differences in QAICc of <2 were considered

similar in their ability to describe the data (Burnham & Anderson 1998).

Survival probabilities decreased towards the end of breeding (April) and the beginning of the non-breeding periods (May-June) (Figure 2). Females generally had higher survival probabilities but the inverse was observed in April- May. There were three approximating

models with similar support (ΔAIC<2) for

describing survival and recapture probabilities in reference period (Table 1). We did not expect enclosure effect in survival since the three enclosures had similar foundational populations and habitat conditions (vegetation cover, weather) and trapping sessions were carried out at the same time. The low number of replicates could cause the inclusion of the models {(e+s+t), p(.),(e+s+t), p(s)} as two of the best models. For this reason, we selected

the model with sex and time effects for survival and constant recapture probabilities {(s*t), p(.)}, which was biologically plausible, for analysing survival in this period. We included the most biologically plausible and parsimonious model identified for survival and recapture in reference period and tested for treatment, sex and/or time variations in these parameters in treatment period. From the

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Figure 2. Demographic parameters of C. musculinus

in reference period (model used is indicated in each case): survival probabilities {ϕ(s*t), p(.)}, recruitment probabilities {γ(tr+t), p(.)},

population growth rates

{ϕ(s*t), p(.), λ(e*t)}, and

treatment period: survival probabilities {(tr+t), p(.)}, recruitment probabilities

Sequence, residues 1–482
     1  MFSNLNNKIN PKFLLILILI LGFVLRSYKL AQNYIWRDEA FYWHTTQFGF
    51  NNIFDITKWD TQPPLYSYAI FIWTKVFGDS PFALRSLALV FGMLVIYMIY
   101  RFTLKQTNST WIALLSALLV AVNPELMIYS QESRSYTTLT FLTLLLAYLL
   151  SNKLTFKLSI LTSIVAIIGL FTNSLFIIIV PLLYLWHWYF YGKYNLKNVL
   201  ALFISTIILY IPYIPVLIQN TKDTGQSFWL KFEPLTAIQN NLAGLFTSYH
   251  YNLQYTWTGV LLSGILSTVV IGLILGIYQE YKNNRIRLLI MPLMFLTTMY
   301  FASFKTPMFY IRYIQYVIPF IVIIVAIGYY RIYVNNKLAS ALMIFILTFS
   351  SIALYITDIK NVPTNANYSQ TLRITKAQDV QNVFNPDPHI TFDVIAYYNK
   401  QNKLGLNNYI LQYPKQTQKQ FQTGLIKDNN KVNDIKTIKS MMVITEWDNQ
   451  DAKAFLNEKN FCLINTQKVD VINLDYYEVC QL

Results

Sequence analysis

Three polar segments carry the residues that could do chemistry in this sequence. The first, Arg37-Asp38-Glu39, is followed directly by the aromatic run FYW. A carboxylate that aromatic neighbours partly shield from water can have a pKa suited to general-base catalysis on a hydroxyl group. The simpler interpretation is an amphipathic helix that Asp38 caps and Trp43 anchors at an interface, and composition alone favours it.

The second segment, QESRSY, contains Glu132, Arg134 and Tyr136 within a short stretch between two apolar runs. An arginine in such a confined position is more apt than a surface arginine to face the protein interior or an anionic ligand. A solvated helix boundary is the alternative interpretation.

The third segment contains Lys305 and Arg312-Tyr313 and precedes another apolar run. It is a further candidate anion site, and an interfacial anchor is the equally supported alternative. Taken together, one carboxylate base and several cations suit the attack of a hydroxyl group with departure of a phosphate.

{ϕγ(tr*t), p(.)}, population

growth rate {ϕ(s*t), p(.), λ(t)}.

Figura 2. Parámetros demográficos de C. musculinus

en el período de referencia y en el período de tratamiento (remoción de hembras). Ver modelos estadísticos de cada parámetro en la leyenda en inglés.

Table 1. Statistical best models of reference and treatment (removal of adult females) periods are denoted according to each model-specific variation in the probabilities of survival (ϕ) and recapture (p)); (*) and (+) symbols mean combined effects and additive effects respectively. Only models with ΔAICc or ΔQAICc≤2 are shown. AICc and QAICc: measure of each model fit; K: number of estimable parameters.

Tabla 1. Mejores modelos estadísticos de los períodos de referencia y tratamiento (remoción de hembras adultas), denotados de acuerdo a cada variación específica en las probabilidades de sobrevida (ϕ) y recaptura (p); los símbolos (*) y (+) significan efectos combinados y aditivos respectivamente. Sólo se muestran modelos con ΔAICc o ΔQAICc≤2. AICc y QAICc: medida de ajuste de cada modelo; K: número de parámetros estimables.

Period Best models AICc ΔiAICc K Reference period {ϕ(e+s+t),P(.)}

{ϕ(s*t),P(.)}

{ϕ(e+s+t),P(s)}

615.782 617.646 617.759 0.000 1.865 1.977 11 11 12 QAICca Δ

iQAICcb Treatment period {ϕ(tr+t),P(.)}

{ϕ(t),P(.)}

{ϕ(tr+t),P(tr)}

404.838 405.010 406.041 0.000 0.171 1.202 8 7 9 modelo; K: número de parámetros estimables.

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124 MD GÓMEZETAL. Ecología Austral 22:121-128 Agosto de 2012 ADULTFEMALESINCORNMOUSEPOPULATIONS 125

candidate model set, there were three models with similar support for describing survival (Table 1). We selected the simplest of the best approximating models, thus survival showed a time effect whereas recapture was constant {(t), p(.)}. Apparent survival probabilities had similar time pattern than in reference period but without sex effect, with decreasing values towards the end of the reproductive period (April) and the beginning of non-reproductive period (May-June) (Figure 2).